I’m not talking about being exclusive or clique-y. But surrounding yourself with people who are on the wrong trajectory will always take you where you do not want to go.

The sad reality is that not every person wants to go to the next level.

And unfortunately some people enjoy their dysfunction and prefer the comfort and familiarity of it over the potential pain that future growth may bring.

I say this with no judgement because that’s every individual’s decision to make for themselves but when it comes to who is attached to my future, I have a responsibility to surround myself with people on the journey of strength.

When you link in to people with poor thinking and bad behaviour, it excuses your own. But when you are connected to people trying to go to the next level, you’ll find yourself being held to account and lifted.

It’s interesting to me that grumpy people always find other grumpy people. And those with a bad attitude always find someone else with a bad attitude to complain about the state of affairs.

We should be kind and friendly to all people, regardless of where they are at. But when it comes to the plane of your mind, it’s well worth putting your own oxygen mask on before helping others.

6) Redefine your problems as temporary

Labelling your problem as permanent is the quickest way to stay where you are. Clinical definitions and chemical realities are real. However, we should be very careful about how we define what’s happening inside us and speak over who we are.

The word disorder for example is often (but not necessarily always) intrinsically unhelpful in daily life as it defines what we’re facing as something outside of our control. It also ironically legitimises our experience as a version of normality.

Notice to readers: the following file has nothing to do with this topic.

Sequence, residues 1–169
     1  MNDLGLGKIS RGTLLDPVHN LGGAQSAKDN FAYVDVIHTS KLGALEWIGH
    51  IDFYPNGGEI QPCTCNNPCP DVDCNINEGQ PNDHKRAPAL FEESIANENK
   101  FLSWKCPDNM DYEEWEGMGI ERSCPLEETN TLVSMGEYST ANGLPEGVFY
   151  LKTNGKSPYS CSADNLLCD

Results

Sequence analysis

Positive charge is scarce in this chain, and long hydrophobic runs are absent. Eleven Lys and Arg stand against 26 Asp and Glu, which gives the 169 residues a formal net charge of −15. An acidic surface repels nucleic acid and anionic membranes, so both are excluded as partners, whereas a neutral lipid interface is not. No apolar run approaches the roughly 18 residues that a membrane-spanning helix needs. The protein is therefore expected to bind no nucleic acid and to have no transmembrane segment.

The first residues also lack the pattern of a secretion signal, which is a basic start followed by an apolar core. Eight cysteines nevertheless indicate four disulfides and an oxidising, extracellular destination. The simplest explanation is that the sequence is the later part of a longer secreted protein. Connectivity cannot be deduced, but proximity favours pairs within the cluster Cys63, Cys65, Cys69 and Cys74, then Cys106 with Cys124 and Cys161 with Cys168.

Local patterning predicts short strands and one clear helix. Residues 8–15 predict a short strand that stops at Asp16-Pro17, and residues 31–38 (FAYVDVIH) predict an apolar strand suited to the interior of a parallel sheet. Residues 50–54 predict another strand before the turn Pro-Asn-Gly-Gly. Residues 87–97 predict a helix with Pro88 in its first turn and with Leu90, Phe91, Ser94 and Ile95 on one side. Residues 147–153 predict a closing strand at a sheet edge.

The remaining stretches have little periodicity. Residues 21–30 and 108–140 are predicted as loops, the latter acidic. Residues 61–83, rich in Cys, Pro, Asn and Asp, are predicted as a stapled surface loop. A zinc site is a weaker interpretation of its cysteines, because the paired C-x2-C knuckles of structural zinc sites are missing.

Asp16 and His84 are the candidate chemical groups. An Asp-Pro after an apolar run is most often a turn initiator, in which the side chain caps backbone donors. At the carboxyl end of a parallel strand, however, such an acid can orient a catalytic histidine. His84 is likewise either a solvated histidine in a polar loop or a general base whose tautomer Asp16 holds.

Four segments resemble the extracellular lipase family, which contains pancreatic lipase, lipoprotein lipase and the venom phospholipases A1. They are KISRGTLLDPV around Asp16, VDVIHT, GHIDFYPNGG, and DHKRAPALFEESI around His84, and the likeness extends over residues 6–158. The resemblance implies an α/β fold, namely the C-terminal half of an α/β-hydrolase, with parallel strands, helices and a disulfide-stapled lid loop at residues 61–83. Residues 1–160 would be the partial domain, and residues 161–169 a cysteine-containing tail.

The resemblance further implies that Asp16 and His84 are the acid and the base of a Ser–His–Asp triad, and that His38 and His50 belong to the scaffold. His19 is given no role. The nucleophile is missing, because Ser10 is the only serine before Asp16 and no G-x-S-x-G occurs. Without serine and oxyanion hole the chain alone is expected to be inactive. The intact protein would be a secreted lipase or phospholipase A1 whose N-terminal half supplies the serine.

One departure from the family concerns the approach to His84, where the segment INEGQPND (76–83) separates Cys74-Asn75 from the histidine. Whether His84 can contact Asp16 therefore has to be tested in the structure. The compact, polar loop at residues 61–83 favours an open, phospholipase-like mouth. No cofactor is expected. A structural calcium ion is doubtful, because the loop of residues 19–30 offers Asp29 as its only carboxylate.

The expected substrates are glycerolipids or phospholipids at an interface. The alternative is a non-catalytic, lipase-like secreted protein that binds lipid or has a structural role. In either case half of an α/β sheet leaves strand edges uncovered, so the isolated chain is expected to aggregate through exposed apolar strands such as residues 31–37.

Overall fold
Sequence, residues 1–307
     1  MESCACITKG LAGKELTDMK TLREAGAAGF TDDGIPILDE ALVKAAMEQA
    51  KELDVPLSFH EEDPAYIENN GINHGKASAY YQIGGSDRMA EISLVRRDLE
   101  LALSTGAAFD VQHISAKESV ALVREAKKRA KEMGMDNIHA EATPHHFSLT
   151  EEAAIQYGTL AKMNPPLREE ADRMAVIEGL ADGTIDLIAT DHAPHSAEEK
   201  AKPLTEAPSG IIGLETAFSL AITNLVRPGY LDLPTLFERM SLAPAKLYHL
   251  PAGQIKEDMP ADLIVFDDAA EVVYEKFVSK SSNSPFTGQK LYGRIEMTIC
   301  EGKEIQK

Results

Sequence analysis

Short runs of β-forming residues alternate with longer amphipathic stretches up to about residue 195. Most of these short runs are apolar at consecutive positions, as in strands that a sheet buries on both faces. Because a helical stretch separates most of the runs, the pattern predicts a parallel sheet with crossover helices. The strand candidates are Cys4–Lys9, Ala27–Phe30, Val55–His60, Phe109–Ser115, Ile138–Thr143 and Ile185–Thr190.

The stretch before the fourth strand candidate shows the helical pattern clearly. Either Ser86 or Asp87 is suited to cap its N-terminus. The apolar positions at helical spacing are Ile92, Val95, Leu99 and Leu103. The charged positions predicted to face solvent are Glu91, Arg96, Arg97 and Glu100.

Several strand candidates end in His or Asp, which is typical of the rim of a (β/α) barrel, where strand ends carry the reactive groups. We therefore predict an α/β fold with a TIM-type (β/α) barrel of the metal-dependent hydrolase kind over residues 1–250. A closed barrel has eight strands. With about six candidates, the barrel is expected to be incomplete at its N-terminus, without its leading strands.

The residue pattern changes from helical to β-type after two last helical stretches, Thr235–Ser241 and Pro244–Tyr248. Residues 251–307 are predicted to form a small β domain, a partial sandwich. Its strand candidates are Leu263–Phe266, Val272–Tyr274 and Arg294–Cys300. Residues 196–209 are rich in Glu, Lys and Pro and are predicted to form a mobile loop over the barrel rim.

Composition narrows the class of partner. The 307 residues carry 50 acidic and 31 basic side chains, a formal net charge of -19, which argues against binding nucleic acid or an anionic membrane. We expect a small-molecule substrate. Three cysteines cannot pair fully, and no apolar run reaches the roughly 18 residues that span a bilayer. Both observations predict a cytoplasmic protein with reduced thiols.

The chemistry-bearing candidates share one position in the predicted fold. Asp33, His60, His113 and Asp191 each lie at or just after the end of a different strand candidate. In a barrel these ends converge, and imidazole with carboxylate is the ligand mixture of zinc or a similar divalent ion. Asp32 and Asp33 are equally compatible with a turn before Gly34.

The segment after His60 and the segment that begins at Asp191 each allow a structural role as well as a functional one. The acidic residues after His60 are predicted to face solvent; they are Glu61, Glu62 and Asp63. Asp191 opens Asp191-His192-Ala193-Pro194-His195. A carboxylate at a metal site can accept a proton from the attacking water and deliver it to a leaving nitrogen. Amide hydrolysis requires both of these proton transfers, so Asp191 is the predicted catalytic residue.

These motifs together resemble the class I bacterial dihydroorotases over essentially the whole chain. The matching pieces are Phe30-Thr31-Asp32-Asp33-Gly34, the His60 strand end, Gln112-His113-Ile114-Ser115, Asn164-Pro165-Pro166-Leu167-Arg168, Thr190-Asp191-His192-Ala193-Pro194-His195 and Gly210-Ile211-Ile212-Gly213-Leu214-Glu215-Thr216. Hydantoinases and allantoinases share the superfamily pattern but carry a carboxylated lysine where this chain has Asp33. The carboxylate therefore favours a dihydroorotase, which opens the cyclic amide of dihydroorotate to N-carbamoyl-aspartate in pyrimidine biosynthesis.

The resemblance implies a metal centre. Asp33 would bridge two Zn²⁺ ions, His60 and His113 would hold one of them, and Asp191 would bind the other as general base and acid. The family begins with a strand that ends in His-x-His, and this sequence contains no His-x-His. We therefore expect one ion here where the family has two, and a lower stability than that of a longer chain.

Looking back at growing up, I almost certainly had what would be described now as social anxiety disorder. But I’m very grateful I never had an official diagnosis (mainly because I didn’t talk to anyone).

And as time went on, I did make some very deliberate decisions to expand my comfort zone which completely changed the game for me.

But if I had known/thought I had a disorder, it would have been very unhelpful to my journey of personal growth.

Another more insidious example is the word busy. I, like you, frequently have conversations with people who talk about being too busy for xyz. When you say ‘I am too busy’, you’re acknowledging that you are not in control and that life is simply happening to you.

But in reality it’s a scapegoat word that allows us to skirt the real issue – a lack of priorities and developing better organisational skills.

Choose new language that allows what you’re experiencing to be temporary and creates a path of transformation.

Thanks for reading. I’d love to hear what you think in the comments below.